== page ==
FIGHTING THE FRENCH
Martyn J. Griffiths
Former Neath Antiquarian, John Garfield Griffiths, wrote a series of articles for the society’s Transactions about Neath’s military heroes of the past. Most saw service in the World Wars of the 20th century but a few fought in earlier conflicts.
He names four as having served during the long wars with the French between 1793 and 1815:
CAPTAIN REES HOWELL GRONOW, son of William Gronow of Court Herbert, joined the army in 1812, took part in the Peninsular War and in 1815 fought at Quatre Bas and Waterloo as aide to Lt-General Sir Thomas Picton. He left the army in 1821. His reminiscences of Waterloo are one of the best eye-witness accounts of the battle.
LT-COLONEL ROBERT PLACE, was third son of the copper master, John Place of Cadoxton and brother to Thomas Dumayne Place, mayor of Neath. His brothers John, James and William all served in the army. James, two years younger than his brother, joined the same time as him.
He entered the Native Indian Army based at Bombay, as a cadet aged 17. Later he saw action in the disastrous, malaria-ridden, Walcheren expedition of 1809 and in the Peninsular War. He served in the army for 21 years and died at the age of 40 on the coast of Malabar in the East Indies in 1828.
His wife was a sister of Diana Ainsley Bowzer whose memorial is near the organ inside St. Catwg’s church, Cadoxton.
MORGAN HOWELLS died in 1867 at the age of 86. His memorial stone in the parish graveyard at Resolven states that he served as a sapper and miner during the Peninsular War and had been present at Salamanca, Talavera, Badajos, Vittoria and Corunna. When he retired he lived with Samuel Sims at Ynysfach Inn in Resolven and later with Samuel’s daughter, Mrs Evan Rees.
MAJOR LEWIS ROTLEY was the son of Lewis Rotley, landlord of the Ship and Castle Hotel in Neath. He served in the Royal Marines from 1805 to 1814. His memorial in St. Mary’s graveyard, Swansea, states that he served on the flag ship, Victory, under Lord Nelson at Trafalgar and was severely wounded during the action. In 1809 he was in charge of the marines on board the Cleopatra during the reduction of Martinique.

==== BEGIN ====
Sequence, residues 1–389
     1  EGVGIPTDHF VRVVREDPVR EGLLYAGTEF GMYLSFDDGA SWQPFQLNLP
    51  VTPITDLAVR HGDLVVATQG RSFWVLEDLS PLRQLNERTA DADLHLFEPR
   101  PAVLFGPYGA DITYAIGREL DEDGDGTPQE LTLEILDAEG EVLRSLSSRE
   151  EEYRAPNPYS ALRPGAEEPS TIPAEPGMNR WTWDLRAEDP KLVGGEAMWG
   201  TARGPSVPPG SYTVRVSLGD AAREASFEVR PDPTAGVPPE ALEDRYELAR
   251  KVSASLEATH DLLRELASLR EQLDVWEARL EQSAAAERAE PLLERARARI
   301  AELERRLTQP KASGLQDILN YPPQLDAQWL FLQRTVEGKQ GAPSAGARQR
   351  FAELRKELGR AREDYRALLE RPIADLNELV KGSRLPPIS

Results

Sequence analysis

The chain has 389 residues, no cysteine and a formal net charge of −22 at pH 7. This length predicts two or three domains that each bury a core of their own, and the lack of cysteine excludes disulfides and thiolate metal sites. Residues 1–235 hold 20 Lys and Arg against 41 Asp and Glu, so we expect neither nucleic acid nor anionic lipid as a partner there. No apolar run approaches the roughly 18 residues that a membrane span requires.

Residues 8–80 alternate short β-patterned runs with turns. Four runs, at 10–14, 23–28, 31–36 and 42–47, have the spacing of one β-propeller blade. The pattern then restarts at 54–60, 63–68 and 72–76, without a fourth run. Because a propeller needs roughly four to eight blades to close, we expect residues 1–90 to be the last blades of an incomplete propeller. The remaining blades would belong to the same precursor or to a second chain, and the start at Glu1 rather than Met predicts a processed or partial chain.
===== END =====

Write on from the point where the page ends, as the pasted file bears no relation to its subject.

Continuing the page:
The above are brief accounts as reported by John Garfield Griffiths in 1977 and 1978 Transactions. However here are four further French War heroes not mentioned in his lists:
COMMANDER HUGH ROBERT ENTWISTLE Entwistle was the second son of John Entwistle Esq. of Foxholes near Rochdale.
He joined the navy in 1799 aboard the frigate ‘Amethyst and continued there until 1805. That year he joined the Bellerophon in time to see action at the Battle of Trafalgar. He is shown on the lists as being an able-bodied seaman but in fact this nomenclature was a cloak for ‘young gentleman’. He was promoted to Lieutenant early in 1806 and served aboard the sloop Paulina where he saw service in the Mediterranean and on the Copenhagen expedition. Six years later he transferred to the Warspite and later to Bucephalus where he travelled to New Orleans. After the war, like so many others, he was placed on half-pay. His final rank was that of Commander.
HMS Bellerophon by W Mitchell
His connection with Neath is difficult to unravel. From 1821 to 1828 he was a member of the Common Council, the role also known as a Capital Burgess. In order to attain this position he must have owned property in the town. Perhaps he was a friend of Admiral Charles Warde who lived at Preswylfa. He is recorded as living at ‘Drummau House’ in 1823 but he did not stay there long as he, at the time of his marriage in 1825, was living at Llanblethian Cottage, near Cowbridge. He died at Marlborough Grange, Crossways, Cowbridge in 1867 and his memorial stone is in St. John the Baptist’s Church, Llanblethian.